Alan Trefler, CEO at Pegasystems once said, “Without a BMP, your CRM is just an expensive Rolodex”. It’s a good point – and Alan would know: he’s the CEO of a company which has been specialising in CRMs since 1983.


CRMs have their foundation in the 70s, with more widespread use emerging in the 80s and 90s; they were systems which had information entered manually, as well as using spreadsheets and company databases. More overarching CRM software was an early 90s innovation; designed for companies to be used as a centralised customer database, which supported upselling, cross-selling and customer satisfaction measures. The best practice approach at the time was to retain existing customers rather than over-allocating resources in seeking new ones.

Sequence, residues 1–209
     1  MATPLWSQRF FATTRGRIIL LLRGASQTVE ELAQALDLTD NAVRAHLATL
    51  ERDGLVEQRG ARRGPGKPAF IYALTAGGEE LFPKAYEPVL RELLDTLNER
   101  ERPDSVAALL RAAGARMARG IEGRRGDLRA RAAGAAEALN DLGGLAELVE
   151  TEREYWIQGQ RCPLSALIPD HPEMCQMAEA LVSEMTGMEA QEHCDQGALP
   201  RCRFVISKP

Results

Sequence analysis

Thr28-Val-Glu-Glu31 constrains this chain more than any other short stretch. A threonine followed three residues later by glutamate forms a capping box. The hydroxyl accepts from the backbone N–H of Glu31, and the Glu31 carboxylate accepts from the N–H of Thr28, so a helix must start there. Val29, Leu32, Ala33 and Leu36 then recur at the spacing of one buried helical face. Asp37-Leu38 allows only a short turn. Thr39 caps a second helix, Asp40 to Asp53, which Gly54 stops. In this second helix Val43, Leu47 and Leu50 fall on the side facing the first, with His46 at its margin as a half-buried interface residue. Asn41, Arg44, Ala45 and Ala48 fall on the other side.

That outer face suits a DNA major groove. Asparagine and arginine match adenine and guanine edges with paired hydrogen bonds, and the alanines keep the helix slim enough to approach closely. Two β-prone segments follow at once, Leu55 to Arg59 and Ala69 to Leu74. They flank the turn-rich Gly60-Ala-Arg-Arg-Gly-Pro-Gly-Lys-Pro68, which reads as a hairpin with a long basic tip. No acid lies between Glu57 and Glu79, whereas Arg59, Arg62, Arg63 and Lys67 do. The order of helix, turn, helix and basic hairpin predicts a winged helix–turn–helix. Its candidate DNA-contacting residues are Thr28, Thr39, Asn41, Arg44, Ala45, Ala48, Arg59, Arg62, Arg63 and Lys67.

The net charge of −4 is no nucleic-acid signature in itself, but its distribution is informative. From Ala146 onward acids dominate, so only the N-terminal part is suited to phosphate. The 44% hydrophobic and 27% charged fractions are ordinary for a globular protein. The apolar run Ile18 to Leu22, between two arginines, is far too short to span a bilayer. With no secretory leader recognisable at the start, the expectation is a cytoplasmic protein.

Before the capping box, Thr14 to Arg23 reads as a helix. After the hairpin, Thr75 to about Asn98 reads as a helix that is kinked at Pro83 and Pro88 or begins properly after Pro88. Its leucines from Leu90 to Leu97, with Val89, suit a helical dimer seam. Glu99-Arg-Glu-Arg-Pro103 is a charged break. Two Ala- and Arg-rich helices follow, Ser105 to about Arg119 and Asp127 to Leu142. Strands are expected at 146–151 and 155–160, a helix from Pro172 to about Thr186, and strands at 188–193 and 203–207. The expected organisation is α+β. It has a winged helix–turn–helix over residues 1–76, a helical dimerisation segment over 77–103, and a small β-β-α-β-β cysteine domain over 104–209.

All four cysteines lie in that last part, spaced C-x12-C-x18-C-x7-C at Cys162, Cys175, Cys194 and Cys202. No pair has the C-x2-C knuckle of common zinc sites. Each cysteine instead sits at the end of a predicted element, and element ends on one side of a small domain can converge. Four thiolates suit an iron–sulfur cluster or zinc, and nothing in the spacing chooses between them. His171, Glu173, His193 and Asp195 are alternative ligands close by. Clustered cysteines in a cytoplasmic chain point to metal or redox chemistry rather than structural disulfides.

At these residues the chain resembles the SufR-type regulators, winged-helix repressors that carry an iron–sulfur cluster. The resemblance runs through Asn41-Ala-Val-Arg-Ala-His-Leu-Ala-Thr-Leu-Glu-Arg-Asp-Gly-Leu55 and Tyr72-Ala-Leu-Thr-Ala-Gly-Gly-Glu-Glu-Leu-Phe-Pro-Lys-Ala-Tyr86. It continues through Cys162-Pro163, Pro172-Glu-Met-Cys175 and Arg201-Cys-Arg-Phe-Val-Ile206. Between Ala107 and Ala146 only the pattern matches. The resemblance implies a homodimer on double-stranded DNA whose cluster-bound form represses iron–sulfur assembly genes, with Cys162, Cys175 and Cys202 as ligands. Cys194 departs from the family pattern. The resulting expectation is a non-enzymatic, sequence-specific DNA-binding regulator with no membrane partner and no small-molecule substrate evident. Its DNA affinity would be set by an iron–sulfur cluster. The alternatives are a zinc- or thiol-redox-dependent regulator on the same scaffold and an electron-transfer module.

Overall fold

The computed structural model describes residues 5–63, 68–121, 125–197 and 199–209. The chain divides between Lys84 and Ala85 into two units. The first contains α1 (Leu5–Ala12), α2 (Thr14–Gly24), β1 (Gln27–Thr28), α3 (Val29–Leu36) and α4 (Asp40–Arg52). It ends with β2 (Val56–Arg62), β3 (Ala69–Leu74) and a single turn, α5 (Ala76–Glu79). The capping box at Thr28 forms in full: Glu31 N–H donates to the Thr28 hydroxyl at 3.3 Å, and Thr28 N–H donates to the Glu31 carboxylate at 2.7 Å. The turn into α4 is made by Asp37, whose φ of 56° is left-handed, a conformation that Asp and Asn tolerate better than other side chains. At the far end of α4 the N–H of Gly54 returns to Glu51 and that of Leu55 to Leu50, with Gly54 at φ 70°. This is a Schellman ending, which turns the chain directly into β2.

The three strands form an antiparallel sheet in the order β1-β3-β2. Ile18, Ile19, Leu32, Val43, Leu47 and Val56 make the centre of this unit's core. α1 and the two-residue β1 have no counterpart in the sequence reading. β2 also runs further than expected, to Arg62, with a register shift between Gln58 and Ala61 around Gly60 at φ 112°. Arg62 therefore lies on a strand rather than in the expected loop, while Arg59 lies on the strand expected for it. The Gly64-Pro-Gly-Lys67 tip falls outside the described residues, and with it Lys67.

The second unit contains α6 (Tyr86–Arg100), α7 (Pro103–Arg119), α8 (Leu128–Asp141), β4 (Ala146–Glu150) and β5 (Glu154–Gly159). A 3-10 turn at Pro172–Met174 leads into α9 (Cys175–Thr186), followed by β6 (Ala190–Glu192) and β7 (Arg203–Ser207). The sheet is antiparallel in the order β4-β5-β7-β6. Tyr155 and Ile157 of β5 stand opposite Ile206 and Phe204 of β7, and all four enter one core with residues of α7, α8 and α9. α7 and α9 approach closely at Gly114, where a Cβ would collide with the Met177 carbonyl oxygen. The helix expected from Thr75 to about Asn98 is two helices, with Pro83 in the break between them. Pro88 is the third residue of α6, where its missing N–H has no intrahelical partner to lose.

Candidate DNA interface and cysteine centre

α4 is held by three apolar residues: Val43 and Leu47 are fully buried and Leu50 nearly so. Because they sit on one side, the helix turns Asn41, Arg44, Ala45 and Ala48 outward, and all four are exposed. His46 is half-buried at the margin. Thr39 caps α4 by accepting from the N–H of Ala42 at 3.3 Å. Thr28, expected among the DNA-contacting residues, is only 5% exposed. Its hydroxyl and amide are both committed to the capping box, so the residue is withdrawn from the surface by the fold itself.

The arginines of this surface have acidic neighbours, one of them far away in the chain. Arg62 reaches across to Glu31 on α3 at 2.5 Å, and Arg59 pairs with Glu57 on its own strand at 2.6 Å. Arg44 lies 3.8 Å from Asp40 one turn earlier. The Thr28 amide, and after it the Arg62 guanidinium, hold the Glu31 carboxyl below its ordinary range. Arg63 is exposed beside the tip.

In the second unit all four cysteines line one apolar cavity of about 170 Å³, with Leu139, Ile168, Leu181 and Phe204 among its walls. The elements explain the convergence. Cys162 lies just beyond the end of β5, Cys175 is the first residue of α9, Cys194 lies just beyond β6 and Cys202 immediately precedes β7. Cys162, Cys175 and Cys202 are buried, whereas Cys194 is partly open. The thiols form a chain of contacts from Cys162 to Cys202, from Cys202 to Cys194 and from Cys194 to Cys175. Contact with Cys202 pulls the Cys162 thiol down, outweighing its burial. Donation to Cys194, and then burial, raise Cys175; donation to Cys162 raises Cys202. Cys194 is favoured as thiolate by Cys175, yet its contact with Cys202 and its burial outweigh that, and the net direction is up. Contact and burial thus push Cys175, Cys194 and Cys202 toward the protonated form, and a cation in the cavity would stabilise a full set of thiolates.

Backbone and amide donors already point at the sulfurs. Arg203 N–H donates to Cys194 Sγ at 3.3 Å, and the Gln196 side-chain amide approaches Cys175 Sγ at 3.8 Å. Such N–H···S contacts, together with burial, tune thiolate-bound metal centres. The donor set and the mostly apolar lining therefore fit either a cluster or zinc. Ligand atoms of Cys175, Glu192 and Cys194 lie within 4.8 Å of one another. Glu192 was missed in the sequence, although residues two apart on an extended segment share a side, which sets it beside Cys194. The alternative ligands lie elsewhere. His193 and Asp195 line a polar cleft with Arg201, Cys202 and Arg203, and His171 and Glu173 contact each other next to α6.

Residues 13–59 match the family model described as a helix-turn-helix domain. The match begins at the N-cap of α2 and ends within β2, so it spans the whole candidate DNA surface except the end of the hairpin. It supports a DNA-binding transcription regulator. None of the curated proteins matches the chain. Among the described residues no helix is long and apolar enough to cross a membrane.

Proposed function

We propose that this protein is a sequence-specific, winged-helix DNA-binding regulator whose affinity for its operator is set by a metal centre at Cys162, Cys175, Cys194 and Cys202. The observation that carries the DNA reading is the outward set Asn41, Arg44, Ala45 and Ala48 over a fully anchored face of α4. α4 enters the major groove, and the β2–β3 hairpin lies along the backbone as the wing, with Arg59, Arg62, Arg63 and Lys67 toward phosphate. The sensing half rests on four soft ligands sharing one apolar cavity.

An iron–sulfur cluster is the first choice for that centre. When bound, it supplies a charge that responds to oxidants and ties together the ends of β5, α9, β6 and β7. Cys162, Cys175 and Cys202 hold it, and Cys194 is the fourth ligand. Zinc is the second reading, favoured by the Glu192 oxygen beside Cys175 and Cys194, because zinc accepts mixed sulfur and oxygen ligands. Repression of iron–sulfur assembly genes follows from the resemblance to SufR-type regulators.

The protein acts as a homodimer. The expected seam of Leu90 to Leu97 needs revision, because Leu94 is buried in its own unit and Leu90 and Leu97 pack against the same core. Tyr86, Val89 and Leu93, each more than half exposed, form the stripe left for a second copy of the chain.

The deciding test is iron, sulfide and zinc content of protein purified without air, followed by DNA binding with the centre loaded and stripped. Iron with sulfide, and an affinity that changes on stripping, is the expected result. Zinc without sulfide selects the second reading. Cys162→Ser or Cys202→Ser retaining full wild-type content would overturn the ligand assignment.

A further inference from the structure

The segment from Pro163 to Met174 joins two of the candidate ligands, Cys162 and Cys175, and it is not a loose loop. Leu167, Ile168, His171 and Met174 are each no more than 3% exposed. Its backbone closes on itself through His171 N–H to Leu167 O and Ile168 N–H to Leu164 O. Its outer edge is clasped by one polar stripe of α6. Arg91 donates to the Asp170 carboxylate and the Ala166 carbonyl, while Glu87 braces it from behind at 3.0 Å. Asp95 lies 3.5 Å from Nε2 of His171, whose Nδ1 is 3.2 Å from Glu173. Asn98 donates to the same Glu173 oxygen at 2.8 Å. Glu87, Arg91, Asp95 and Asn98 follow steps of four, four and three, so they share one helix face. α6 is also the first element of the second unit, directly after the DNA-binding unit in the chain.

The emergence of email as a medium for business, in concert with emerging digital technologies, has created a new frontier of opportunities for seeking out new, and consolidating existing business. This new tech has opened a world of new communication methods; it is something that at the same time has had a counter-effect among sales and customers – many in sales say they spend more face time with customers now than they did a decade ago; others say it’s easier to build relationships with customers than ever before. It would seem that this influx of communications technology has made many people appreciate genuine human interaction more than they used to. Ironic, but true.


While CRMs remain a standard component of corporate life, their role and efficiency moving forward has become cloudy. It’s not uncommon for up to an average of nine hours per week to be spent doing CRM admin and data — which adds up to being roughly a quarter of your working week and 450 hours per year.